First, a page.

Sculptor Bob Rickard and wife Jacqueline live in New Jersey. They have traveled world wide. Rickard has worked with his hands ever since he was a child growing up on the slopes of California's Sierra Nevada Mountains and in San Francisco Bay area in the 50's and 60's. A great part of his present day success is his architectural sensibility of negative space, proportion and balance, mixed with a deep understanding of quality craftsmanship learned working in the Theater during and after college, creating everything from a cherry tree that nightly shed its leaves to an intricate Victorian drawing room or an entire Shakespearean forest replete with twinkling lights. A young Rickard became enamored with the way his set designs transported the viewer to another dimension. This experience is what gives him such insight when preparing collaborative commissioned installations and makes his work unique. Rickard is an honored Niche Awards Finalist and is a juried participant in several exclusive shows. "I have been deeply humbled and grateful for the way that I have been welcomed into galleries and collectors homes," says Rickard.
Stowe Craft and Design has commissioned many pieces from Robert that are inspired by the Vermont mountains and hillside. He uses a unique and scientific approach. After using a hand-held plasma cutter to carve his designs into the base metal, each sculpture is then coated with other metals; typically copper, bronze, and iron. Each of these metals reacts differently to the chemical patinas and dye oxides with which the pieces are finished, creating a rich palette of hues.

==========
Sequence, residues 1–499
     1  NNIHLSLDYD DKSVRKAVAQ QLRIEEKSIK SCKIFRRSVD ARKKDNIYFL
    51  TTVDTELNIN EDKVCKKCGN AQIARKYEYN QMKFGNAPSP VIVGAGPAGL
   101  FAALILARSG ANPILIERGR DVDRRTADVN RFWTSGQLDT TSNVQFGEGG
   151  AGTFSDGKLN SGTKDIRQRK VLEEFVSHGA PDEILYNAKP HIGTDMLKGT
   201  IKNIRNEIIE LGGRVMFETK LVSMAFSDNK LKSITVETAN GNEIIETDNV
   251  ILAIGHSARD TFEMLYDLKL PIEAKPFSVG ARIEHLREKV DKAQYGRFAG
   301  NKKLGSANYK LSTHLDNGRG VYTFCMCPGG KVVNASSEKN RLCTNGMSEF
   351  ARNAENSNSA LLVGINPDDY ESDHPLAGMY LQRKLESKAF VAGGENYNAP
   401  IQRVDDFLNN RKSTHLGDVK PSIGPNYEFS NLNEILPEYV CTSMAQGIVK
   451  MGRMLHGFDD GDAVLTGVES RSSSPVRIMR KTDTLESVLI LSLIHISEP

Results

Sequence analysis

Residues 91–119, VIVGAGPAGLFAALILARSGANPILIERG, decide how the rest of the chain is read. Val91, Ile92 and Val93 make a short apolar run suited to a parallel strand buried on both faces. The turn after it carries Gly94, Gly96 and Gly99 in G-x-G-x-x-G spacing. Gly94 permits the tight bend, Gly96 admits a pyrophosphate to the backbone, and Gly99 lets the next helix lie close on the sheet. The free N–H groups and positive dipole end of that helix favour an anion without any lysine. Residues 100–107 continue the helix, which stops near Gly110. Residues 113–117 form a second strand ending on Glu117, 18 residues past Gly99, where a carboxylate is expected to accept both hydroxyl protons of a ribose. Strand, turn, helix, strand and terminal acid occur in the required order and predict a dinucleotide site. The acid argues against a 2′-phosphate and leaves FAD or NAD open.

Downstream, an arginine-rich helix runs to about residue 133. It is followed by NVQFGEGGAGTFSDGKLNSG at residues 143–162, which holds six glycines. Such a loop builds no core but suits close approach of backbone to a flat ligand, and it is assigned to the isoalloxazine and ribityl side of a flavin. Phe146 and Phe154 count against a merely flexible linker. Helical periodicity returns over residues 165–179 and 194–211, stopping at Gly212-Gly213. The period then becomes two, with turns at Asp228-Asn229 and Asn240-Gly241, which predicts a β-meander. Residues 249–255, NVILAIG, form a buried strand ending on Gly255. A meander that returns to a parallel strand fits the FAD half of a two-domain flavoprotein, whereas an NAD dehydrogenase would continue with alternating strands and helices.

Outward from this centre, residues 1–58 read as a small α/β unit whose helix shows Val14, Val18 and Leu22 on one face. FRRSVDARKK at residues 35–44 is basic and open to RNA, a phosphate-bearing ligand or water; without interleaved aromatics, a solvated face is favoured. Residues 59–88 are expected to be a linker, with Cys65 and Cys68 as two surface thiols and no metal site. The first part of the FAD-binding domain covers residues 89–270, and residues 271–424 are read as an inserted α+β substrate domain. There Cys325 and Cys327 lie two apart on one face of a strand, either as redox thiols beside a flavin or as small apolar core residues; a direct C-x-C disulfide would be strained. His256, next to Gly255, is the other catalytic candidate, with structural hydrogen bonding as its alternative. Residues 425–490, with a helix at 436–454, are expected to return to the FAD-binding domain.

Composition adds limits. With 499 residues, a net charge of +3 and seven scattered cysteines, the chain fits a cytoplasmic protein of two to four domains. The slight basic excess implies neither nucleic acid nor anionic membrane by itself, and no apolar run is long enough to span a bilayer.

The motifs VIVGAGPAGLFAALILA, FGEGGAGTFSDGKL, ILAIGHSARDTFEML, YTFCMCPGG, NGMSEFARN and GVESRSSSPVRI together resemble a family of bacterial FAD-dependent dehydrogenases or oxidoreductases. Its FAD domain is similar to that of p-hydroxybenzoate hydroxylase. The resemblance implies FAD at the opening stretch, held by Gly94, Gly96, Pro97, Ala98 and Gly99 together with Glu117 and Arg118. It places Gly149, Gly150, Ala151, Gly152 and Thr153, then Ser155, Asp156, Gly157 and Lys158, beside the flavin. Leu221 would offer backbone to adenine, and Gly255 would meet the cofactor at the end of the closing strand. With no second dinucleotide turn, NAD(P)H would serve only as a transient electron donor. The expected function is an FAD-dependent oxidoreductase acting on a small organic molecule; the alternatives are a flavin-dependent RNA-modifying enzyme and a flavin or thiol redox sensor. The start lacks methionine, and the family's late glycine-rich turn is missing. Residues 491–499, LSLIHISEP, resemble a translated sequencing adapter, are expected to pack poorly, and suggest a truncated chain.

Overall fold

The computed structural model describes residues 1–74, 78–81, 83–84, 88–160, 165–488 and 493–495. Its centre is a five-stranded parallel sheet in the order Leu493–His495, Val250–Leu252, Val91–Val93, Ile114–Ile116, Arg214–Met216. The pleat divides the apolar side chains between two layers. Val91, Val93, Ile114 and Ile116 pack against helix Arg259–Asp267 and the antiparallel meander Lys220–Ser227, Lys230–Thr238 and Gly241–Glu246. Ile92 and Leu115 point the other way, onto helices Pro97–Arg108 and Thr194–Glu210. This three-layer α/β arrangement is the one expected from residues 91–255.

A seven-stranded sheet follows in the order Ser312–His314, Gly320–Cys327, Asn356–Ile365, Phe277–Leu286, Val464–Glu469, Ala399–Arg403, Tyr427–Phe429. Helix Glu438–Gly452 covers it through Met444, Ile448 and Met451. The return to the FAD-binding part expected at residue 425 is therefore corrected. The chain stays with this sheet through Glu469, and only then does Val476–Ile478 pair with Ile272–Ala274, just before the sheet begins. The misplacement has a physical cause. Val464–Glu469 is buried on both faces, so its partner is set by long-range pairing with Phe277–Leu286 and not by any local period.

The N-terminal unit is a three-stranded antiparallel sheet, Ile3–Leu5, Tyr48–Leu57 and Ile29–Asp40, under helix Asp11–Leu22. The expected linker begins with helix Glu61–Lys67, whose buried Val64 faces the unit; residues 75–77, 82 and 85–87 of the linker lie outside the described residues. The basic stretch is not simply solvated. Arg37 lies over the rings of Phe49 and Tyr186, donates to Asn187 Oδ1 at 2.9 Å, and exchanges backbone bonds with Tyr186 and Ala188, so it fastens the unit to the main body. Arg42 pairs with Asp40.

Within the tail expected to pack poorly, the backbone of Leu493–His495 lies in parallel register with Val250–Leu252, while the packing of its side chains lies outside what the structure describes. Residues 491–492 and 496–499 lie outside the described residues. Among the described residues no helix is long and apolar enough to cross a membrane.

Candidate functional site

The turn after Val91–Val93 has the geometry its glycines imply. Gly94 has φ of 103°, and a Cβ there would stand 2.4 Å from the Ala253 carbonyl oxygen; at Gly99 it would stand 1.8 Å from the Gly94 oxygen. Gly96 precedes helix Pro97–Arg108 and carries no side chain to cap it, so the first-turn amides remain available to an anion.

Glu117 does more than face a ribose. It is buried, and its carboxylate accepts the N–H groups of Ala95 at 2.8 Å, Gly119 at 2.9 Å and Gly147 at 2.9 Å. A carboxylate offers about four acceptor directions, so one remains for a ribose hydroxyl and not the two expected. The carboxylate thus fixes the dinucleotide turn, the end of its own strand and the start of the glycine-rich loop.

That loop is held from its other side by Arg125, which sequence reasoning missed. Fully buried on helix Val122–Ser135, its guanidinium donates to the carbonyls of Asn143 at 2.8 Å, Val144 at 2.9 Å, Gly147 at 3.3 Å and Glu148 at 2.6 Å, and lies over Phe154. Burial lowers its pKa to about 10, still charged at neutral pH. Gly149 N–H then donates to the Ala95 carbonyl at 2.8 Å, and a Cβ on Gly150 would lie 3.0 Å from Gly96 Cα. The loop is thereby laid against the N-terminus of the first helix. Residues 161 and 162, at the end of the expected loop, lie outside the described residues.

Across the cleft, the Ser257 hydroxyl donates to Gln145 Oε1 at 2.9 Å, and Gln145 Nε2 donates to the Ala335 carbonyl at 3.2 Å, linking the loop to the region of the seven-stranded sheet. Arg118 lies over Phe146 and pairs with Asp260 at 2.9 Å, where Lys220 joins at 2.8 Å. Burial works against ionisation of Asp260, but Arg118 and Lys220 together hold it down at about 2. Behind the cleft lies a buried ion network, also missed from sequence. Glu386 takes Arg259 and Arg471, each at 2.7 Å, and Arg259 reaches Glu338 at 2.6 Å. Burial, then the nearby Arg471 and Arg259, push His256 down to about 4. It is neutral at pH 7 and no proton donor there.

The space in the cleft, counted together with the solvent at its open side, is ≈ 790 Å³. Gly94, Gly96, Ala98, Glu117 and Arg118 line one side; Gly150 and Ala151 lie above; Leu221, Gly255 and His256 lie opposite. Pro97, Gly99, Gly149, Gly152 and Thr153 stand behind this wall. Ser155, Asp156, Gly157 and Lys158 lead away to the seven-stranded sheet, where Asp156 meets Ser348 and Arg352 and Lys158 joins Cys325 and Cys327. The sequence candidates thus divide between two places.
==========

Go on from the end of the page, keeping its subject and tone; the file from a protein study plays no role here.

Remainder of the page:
Rickard Metal Working Techniques
*Each art wall piece is a signed one-of-a-kind original
*Each 12"x12" piece has a unique hanging system allowing each to be rotated 360*
* Most pieces are made from aluminum with designs cut into the metal and portions of the surface brushed and textured so the bright metal contrasts with the patinas and dyes which provide the color.
Starting with various gauges of aluminum panels , the designs are gouged into the metal with a hand- held plasma torch
The intense heat generated by the torch warps the panels, which are then hand formed back into a flat surface
The areas which feature a bare metal surface are brushed and polished to a bright finish
These areas are then masked off to isolate them from surrounding finishes
The remaining surface of the panels is then coated with an epoxy primer
Once dry, a variety of metal metal coatings suspended in liquid media are applied
Iron, copper, brass, and bronze are used for their reactive qualities
Next, chemical patinas and metal dyes are used to create the vibrant and rich colors
Finally a clear lacquer is applied as a protective sealant